There has been a great deal of talk about earthquake preparedness since the Mexico quakes devastated the regions affected and we are happy to see that Southern Californians are finally beginning to wake up to the realization that a major earthquake is on the horizon.
There are other hazards associated with an earthquake that also need to be addressed but one subject in particular that Southern Californians have not even begun to talk about. We are referring to earthquake generated tsunamis. Yes, tsunamis! This is a very real threat that should not be ignored.
When it comes to a Southern California tsunami, a real life offshore earthquake and tsunami would not exactly follow Hollywood’s script for a washout of Los Angeles as depicted in the 2015 release of San Andreas starring The Rock (Dwayne Johnson) and California will not fall into the ocean as so many hope for. The tsunami hazard does deserve more attention than it has received which is little to nothing. Some earthquake and geology experts insist the hazard has been looked at but acknowledge further study is needed.
There are two underwater fault zones that concern experts which are the Santa Cruz – Catalina Ridge fault and the Ferrelo fault. Those two faults were determined to be subject to horizontal strike-slip forces as well as vertical compression. Computer models show that those offshore faults are capable of producing magnitude 8 earthquakes. Experts have found evidence of vertical movement up to 10 feet in a region known as the Continental Borderland which can cause tsunami waves. This region has been called a “smoking gun”.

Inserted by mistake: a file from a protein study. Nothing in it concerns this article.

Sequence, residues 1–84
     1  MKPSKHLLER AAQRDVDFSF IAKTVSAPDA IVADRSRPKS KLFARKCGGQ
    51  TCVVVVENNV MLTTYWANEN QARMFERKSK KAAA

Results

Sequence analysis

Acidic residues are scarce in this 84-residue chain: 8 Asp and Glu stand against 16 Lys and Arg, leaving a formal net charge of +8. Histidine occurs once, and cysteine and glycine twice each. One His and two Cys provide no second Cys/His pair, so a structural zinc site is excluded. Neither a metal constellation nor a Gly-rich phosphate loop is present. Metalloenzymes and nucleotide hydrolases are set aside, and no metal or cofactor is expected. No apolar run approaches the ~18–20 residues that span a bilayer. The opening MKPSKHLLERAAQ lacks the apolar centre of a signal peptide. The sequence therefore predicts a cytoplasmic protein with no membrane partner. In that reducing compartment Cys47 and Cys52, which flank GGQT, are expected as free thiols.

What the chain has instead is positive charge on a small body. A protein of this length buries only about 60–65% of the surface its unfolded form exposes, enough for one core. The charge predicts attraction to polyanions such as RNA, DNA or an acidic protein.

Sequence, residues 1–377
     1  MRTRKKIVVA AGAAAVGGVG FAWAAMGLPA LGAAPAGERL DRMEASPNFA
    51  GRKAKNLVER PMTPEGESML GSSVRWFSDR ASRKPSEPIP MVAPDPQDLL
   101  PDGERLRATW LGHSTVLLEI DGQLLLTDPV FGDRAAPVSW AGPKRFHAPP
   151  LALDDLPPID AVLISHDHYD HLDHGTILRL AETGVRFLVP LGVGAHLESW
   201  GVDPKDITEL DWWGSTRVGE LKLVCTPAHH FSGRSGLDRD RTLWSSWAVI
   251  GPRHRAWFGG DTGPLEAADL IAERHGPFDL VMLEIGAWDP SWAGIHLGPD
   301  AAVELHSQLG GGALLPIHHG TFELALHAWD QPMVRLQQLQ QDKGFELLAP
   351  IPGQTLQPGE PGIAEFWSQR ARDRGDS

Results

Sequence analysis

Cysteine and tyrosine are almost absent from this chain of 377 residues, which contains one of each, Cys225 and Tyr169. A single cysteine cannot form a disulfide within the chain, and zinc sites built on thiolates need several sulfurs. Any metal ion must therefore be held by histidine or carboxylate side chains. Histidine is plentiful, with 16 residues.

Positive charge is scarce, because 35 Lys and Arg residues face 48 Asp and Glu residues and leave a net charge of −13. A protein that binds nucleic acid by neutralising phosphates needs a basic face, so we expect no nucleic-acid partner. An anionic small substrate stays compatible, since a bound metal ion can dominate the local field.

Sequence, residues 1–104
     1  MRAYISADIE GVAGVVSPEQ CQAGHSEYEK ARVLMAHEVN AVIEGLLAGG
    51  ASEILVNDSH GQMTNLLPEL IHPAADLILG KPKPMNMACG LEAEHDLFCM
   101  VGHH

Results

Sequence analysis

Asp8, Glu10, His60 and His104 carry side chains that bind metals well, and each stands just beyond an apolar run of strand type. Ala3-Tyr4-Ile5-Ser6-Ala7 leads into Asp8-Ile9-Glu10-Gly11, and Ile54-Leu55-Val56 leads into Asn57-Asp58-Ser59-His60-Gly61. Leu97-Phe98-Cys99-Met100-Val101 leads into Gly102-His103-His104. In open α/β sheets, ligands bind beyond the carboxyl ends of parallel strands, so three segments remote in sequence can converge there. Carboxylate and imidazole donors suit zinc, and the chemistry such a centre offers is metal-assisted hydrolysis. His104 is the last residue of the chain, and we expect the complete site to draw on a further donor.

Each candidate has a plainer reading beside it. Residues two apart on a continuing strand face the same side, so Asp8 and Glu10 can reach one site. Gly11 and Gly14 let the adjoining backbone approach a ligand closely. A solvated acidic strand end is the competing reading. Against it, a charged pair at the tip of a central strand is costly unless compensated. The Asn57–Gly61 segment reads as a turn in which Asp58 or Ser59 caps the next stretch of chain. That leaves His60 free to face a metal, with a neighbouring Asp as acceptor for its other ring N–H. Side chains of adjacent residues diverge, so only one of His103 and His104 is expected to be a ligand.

Southern California earthquake expert Lucy Jones said there has been evidence that tsunami waves have hit Southern California’s coast going back to 1812, when a huge wave apparently generated by a 7.2 magnitude quake in the Santa Barbara channel pushed a 283 ton trading ship a half mile inland and then pulled it back out to sea intact. The ship survived the ordeal.
Anytime someone mentions tsunami, people think think of the 2004 Sumatra incident or even the 2011 Japan incident that affected the Fukushima nuclear power plant. Those particular tsunamis were generated in subduction zones, where tectonic plates dive beneath another. The faults in the Continental Borderland probably would not produce dramatic tsunamis but they do pose a risk but not as big a risk as those seen in big subduction zones.
The zone that is closest to Southern California is the Cascadia Subduction Zone which lies off the coast of Northern California, Oregon and Washington state. A cascadia quake in the year 1700 produced a tsunami so big that is caused major damage on Japan’s pacific coast. No matter where a a Southern California tsunami is generated, even a 1 to 2 meter surge could impact our ports.
When it comes to Southern California tsunamis, the key is not to worry but to prepare for one especially if you live or work along the coast. As part of tsunami preparedness, know where the evacuation routes are and know how to get to higher ground if a warning is activated.